ALBUQUERQUE, N.M. — New University of New Mexico President Garnett Stokes says she doesn’t know yet what comes next in the Bob Davie saga.
She is not sure yet if she thinks UNM – after years of budget cuts – should raise tuition for 2018-19.
And she has formed no opinion about the prudence of possibly forgiving athletics’ cumulative $4.7 million deficit to the university.
On Monday, just five days after assuming the presidency at New Mexico’s largest university, Stokes told reporters she still has a lot to assess and many people to meet, and that listening to others is central to her leadership style.
“I want to make sure the decisions I make are fully informed; that they are in fact in the best interests of the university,” she said in her first session with media. “I have a genuine interest in everyone’s experience and perspectives, so I want to work with the entire campus community on gaining insight into the major challenges we face, so we can work together in improving this great flagship university here in Albuquerque.”
Stokes, formerly provost at the University of Missouri, inherits a series of issues that include a tight budget, waning enrollment and low faculty morale. She arrives in the wake of several athletics department scandals. Financial management concerns in athletics have drawn scrutiny from three different state agencies, and the university’s reserves have covered the department’s routine budget shortfalls. In addition, head football coach Bob Davie is currently serving a 30-day suspension following investigations into allegations of racial discrimination, interference in police investigations involving players and football staff over-ruling medical staff determinations on injured athletes’ readiness to play. Investigators said they “cannot conclude” the football staff inappropriately interfered with investigations and found no evidence staff forced athletes to play against medical guidance. The Office of Equal Opportunity determined Davie’s race-related comments did not violate university policy but did report finding “significant environment concerns and failure to follow civil rights reporting and protocol.”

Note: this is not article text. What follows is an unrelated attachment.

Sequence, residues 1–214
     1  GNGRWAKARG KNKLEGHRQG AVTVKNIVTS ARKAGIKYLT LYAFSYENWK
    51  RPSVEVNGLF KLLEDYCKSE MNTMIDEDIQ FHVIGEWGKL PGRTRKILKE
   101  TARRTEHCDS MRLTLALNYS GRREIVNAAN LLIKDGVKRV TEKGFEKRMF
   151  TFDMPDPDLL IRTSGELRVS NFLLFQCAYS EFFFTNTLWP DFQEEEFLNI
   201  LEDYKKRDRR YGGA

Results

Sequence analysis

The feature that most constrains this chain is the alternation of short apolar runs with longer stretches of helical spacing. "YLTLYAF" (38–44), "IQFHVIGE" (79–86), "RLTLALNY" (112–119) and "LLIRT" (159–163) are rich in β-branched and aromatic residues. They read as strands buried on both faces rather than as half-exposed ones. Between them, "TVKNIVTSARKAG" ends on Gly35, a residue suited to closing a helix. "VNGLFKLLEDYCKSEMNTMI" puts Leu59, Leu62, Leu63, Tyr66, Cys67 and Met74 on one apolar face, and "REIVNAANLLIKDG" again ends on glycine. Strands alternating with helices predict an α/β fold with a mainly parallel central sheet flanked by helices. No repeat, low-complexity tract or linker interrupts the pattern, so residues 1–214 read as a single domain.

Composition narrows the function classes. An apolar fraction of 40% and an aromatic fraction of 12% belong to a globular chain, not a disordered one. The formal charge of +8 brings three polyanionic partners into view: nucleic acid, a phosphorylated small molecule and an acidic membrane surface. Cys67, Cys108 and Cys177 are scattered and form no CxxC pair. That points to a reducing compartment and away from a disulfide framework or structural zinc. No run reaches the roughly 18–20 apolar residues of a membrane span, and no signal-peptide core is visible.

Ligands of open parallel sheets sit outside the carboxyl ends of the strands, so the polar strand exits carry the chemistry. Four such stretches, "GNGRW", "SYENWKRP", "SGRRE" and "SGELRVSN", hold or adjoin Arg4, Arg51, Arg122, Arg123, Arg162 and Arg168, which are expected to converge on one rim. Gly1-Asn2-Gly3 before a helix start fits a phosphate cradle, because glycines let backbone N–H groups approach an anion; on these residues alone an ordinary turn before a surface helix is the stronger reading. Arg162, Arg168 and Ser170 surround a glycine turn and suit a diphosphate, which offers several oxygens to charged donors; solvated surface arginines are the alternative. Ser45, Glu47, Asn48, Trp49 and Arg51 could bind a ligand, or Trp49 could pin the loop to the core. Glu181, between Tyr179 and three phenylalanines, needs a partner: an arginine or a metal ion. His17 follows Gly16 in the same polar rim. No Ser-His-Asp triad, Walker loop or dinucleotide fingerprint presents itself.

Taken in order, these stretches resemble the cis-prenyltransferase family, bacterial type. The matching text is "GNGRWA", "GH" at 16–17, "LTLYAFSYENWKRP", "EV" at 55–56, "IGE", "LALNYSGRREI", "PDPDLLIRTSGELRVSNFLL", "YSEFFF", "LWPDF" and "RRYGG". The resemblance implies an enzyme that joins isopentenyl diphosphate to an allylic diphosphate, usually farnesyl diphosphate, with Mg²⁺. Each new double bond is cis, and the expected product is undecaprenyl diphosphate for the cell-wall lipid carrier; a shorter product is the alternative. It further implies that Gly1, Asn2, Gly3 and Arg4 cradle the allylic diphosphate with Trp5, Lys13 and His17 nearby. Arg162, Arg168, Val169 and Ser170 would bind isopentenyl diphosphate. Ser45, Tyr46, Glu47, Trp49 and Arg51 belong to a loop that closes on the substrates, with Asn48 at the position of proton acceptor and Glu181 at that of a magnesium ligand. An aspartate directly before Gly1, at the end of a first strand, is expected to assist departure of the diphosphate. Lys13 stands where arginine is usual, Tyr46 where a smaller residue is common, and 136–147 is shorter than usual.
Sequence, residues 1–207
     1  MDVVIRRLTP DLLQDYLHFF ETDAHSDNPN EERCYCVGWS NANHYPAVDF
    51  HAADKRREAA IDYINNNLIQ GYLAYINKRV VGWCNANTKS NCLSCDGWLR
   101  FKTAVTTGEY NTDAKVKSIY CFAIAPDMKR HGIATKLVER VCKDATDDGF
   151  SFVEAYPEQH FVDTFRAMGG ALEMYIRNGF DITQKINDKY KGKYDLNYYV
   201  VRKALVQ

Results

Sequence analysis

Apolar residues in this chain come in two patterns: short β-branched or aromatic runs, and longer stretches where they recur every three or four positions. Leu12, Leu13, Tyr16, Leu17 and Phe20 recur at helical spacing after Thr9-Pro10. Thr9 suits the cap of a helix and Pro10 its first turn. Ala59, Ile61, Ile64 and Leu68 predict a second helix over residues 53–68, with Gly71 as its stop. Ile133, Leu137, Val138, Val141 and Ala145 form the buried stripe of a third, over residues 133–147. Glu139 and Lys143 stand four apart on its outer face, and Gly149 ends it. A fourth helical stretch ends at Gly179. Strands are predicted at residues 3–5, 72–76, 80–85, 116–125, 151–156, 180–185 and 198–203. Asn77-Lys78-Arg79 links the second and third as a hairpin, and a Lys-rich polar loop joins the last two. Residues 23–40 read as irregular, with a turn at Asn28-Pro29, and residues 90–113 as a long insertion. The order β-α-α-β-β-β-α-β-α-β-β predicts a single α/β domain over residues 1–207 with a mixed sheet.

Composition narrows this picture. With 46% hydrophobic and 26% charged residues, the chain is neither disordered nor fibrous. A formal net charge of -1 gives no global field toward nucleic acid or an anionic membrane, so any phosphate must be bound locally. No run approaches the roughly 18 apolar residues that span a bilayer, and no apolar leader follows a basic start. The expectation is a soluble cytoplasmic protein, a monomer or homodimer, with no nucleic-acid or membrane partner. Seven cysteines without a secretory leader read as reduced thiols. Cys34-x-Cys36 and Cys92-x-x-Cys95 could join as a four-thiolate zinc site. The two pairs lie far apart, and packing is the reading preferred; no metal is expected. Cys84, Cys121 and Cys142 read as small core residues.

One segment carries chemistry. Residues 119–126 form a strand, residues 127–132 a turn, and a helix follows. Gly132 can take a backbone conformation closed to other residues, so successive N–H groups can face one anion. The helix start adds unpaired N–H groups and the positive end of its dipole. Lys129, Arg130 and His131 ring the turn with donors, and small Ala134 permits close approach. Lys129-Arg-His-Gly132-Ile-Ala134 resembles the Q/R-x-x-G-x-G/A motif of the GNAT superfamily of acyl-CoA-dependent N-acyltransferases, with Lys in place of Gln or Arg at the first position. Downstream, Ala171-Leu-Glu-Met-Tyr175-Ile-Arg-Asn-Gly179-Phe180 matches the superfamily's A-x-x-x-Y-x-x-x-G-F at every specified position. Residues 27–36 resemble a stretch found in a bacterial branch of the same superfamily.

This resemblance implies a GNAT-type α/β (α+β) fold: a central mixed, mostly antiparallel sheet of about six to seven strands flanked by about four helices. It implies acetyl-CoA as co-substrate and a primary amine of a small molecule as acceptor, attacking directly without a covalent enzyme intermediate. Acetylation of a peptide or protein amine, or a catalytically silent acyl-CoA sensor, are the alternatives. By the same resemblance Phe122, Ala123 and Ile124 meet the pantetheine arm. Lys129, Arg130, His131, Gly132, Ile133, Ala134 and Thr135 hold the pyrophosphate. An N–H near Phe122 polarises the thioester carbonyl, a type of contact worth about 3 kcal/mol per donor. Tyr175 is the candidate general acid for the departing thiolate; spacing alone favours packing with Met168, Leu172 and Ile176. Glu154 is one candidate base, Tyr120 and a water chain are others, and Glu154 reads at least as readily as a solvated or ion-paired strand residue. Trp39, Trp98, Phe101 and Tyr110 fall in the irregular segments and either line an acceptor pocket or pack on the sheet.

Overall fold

The suspension, levied by former president Chaouki Abdallah, runs through March 18. Asked in a Journal interview if UNM had further need to explore allegations against Davie or if she considered the case closed, Stokes said “I don’t have enough information to answer that question.”
Stokes’ arrival comes less than a month before UNM’s Board of Regents hosts its budget summit and makes decisions regarding tuition. She said she is still learning the details of UNM’s current finances, and has not yet discussed tuition rates with the board, which makes the ultimate decision.
As for the athletics’ budget, Stokes said “I trust that our leadership in athletics recognizes the need for figuring out how we have a financially viable athletic department going forward,” but still needs time to craft the right plan. Whether it will include repaying the university for its cumulative deficit or having the bill cleared remains to be seen.
“That’s a tough one for me to answer right now because I don’t know what all the options are going to be,” Stokes said. “I’m recognizing this is a really big issue to be resolved, but I will say again I’m not a big believer in simply forgiving debt that’s been accumulated in any unit, academic or otherwise.”